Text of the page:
“I’m 82 years old! Why am I only learning now about everything that happened at my baptism?” said the slightly perturbed woman who had attended a presentation I made in her parish a few years ago about what happens at baptism. While she was understandably disquieted to learn that she had lived mostly in the dark about her baptism for nearly 82 years, I have discovered repeatedly that many Catholics baptized in infancy are in the same boat, largely unaware of what really happened at their baptism.
Today we celebrate the Feast of the Baptism of the Lord by John the Baptist at the Jordan River. It seems a good moment to explore the meaning of our baptism. Most of us know some baptism basics such as 1) it washes away original sin, 2) I become a child of God, and/or 3) I become a member of the Catholic Church (or a member of another Christian denomination into which I am baptized). These are all important aspects of baptism. But there are other equally important dimensions of baptism many Catholics never learn about.
One of the most significant is that you are given three gifts (some call them ‘offices’) in baptism. The gifts are 1) priesthood, 2) prophecy, and 3) leadership. What are these gifts/offices and what do they mean for you as a baptized Christian? Let’s look at them briefly in turn. Priesthood: We often think of people like Frs. Jairo, Jim, and me as the “priests.” In fact, everyone baptized is a priest. Frs. Jairo, Jim, and I are ministerial priests but everyone who is baptized is a baptismal priest. Like ministerial priests, baptismal priests do two critical things: 1) worship glorify God and 2) pray for the sanctification of the people. Every time you worship or glorify God, be it at Mass, in your home at prayer, on a nature walk, looking up at the night sky, etc., you are exercising your baptismal priesthood. Worshiping God is the principal purpose of Sunday Mass. This is what all Christian priests do, both baptismal and ministerial. You also intercede to God for the sanctification (making holy/whole) of others. Lifting others up in prayer in their need is an exercise of your priesthood. This is what all priests do, baptismal and ministerial.
Prophecy: To be clear, you are not endowed at baptism with the ability to predict the future, the popular understanding of prophecy. Doing that makes you an oracle according to the Bible. According to the Bible, a prophet is someone highly in tune with the will of God for the world and for individuals who is sent as God’s messenger to proclaim that will and its consequences if not followed. The prophet alerts or forewarns so listeners can choose the correct path, according to the Lord, for their life. Parents who teach their children to be honest and to tell the truth is a good example and includes the remediation of their children when they are dishonest or untruthful because the consequences of these behaviors are always negative and destructive and not according to the will of God for them or the world.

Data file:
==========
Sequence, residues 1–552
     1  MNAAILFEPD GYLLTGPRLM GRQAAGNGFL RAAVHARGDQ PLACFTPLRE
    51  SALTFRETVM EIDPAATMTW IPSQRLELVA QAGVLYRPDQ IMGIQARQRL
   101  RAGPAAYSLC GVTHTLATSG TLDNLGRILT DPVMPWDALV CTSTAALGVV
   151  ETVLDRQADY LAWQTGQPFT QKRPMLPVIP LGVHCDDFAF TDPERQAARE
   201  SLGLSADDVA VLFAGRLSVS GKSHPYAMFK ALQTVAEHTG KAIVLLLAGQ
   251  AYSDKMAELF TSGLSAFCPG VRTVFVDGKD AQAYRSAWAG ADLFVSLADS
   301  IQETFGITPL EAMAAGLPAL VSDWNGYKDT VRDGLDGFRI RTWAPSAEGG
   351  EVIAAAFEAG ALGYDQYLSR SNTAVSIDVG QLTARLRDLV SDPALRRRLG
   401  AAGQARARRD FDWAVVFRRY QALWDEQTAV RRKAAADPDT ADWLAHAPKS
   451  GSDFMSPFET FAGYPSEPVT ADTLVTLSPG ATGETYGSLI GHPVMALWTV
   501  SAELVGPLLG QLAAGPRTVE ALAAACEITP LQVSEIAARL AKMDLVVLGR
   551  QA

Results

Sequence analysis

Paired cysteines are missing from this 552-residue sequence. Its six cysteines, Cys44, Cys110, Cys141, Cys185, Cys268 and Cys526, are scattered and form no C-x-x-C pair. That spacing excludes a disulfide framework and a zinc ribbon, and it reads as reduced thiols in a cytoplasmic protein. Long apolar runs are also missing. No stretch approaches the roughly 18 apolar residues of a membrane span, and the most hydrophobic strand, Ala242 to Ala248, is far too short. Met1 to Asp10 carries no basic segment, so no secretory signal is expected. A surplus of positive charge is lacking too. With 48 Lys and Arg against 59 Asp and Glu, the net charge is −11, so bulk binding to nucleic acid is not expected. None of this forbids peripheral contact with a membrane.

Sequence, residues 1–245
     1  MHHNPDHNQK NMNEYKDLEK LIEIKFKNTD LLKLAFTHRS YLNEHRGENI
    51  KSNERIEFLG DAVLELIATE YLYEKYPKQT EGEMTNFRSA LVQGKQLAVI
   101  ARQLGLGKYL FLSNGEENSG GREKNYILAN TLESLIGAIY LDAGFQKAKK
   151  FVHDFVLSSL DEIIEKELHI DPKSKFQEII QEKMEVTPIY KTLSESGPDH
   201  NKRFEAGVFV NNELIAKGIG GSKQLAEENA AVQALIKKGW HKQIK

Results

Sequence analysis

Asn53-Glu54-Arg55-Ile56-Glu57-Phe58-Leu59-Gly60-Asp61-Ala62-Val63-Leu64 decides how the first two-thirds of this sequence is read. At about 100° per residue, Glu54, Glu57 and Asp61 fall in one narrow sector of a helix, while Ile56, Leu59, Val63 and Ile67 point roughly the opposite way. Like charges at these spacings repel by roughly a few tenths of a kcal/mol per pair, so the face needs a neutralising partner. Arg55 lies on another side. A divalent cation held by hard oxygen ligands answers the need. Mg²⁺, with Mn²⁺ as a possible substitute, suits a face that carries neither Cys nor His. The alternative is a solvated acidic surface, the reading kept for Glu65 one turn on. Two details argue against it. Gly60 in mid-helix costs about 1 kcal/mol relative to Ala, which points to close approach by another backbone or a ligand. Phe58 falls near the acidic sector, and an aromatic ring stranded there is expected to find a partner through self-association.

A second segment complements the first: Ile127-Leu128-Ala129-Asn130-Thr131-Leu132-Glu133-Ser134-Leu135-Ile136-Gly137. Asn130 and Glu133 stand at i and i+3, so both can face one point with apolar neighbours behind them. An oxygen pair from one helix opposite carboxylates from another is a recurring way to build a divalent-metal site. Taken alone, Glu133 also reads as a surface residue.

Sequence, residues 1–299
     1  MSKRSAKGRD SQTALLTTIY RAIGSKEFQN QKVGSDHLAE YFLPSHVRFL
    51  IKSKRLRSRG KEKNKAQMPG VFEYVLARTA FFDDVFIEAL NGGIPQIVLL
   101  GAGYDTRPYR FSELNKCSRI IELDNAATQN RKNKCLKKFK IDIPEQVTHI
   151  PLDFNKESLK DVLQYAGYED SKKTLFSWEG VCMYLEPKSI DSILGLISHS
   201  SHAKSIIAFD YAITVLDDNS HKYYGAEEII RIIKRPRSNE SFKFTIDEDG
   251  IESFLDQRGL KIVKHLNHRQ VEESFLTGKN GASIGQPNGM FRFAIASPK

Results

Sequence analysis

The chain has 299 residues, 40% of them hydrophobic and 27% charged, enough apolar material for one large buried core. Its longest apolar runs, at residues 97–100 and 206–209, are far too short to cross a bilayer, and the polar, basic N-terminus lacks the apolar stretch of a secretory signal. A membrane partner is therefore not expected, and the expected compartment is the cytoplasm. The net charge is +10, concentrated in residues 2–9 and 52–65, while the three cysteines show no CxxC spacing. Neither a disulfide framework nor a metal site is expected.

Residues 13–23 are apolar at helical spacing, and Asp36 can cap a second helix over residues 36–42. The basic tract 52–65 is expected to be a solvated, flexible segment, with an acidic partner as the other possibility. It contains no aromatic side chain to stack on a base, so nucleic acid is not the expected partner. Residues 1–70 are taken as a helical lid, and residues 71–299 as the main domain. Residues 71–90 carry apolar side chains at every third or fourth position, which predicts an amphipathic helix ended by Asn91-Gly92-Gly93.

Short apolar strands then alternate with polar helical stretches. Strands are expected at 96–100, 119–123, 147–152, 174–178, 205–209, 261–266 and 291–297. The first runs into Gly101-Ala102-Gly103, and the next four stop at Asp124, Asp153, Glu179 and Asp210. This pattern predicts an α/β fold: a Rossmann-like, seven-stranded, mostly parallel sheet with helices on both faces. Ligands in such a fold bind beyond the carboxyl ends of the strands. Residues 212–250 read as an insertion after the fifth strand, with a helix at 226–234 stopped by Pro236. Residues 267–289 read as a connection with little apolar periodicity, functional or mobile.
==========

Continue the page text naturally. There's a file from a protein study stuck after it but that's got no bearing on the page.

Leadership: The traditional Biblical language used in baptism is associated with royalty, e.g., king. You are called to govern, to lead, but not in the way people generally lead in government today. Because you become a brother or sister of Jesus in baptism, you are called to exercise your leadership following his example: washing feet, serving others selflessly. Some refer to it as servant-leadership. The baptized lead by serving others and reflecting the model of Jesus’ leadership by example. Spouses do this when they make sacrifices for each other out of love. Parents do this for their children. Children do this for their friends and siblings. The best example of this leadership is when we do this for the least, the marginal, and especially the enemy. The baptized are to exercise these gifts/offices on a regular basis throughout life. But first the baptized need to know they have been given these gifts/offices. Part of a parish-wide project this year will explore the deeper meaning of our baptism so we may become aware of what has been given to us and how we are to use it. Stay tuned for more . .